For an artist assigned to the electronica genre, Niobe employs a lot of acoustic instruments on her fourth album, White Hats. The primary one is the acoustic guitar, which gives some of the music on the disc a folky feel. Niobe does set some of her songs to beats presumably generated electronically, but this is not a dance record. It is dominated by her languorous vocals, which are rendered in a voice with the same timbre and general style as Joni Mitchell and Rickie Lee Jones. She even begins "The Hills" a cappella, which would seem to defy the electronica tag completely. But she justifies it by the ambivalent character of the music. Nominally, the record should be accessible; it's certainly easy on the ears. But it is also extremely elusive, in part because the recording and mixing of the vocals emphasize the sound of the voice within the other instruments rather than bringing it out front. Even when Niobe is singing in a relatively unfiltered way, however, it's nearly impossible to figure out what the lyrics are. She is singing in English, not German, but her Germanic phrasing and emphasis, along with the way she shapes her melodies, render her words virtually incomprehensible. This is not, no doubt, accidental. Although it dabbles in various musical styles, White Hats earns its categorization as electronica because it is primarily concerned with soundscapes that happen to feature instruments and voices rather than with anything as mundane as songs with lyrics that can be understood.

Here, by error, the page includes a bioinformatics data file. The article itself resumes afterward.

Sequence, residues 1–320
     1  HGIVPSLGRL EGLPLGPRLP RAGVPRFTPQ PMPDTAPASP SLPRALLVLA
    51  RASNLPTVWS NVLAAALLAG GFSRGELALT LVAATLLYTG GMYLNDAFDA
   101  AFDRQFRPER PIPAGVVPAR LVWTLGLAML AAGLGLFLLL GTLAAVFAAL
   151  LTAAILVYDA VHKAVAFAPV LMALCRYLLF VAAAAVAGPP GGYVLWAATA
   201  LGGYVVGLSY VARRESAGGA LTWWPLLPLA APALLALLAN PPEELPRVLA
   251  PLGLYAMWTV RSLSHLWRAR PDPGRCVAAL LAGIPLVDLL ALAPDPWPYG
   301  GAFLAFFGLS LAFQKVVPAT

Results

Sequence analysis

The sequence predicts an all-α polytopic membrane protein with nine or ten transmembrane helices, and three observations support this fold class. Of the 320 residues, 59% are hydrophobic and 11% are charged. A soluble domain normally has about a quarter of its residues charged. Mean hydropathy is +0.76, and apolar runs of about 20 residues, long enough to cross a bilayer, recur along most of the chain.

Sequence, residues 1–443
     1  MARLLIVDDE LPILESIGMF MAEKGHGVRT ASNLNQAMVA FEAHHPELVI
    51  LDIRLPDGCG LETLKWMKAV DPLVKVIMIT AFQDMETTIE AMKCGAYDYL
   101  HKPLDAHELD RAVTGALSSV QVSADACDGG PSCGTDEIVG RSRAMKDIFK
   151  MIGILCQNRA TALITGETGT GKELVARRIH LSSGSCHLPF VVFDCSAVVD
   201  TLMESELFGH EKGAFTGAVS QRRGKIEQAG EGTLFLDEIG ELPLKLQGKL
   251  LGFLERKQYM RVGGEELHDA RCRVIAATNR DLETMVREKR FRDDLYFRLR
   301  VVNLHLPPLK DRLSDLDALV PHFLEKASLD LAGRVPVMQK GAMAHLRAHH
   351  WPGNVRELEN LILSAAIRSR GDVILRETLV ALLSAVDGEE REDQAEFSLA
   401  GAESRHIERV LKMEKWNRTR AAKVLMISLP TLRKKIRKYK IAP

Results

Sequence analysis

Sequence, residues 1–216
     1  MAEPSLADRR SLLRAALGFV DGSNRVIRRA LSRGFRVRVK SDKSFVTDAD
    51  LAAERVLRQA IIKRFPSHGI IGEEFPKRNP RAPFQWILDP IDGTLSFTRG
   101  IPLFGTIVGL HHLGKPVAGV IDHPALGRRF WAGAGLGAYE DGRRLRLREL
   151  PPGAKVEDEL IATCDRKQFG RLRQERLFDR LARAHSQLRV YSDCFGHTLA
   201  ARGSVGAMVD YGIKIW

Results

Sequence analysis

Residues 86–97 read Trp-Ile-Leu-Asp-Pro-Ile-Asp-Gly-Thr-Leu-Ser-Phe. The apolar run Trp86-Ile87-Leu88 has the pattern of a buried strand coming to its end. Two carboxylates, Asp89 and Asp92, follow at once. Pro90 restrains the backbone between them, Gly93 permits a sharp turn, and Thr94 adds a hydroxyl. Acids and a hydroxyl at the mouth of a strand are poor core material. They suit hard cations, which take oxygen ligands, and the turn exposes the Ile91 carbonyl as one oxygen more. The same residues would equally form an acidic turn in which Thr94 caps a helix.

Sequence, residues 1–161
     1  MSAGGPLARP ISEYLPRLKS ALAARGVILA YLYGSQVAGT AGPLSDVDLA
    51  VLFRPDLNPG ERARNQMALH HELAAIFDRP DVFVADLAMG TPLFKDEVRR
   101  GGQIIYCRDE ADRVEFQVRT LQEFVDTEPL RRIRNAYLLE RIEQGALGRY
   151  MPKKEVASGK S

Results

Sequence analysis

AllMusic Review by William Ruhlmann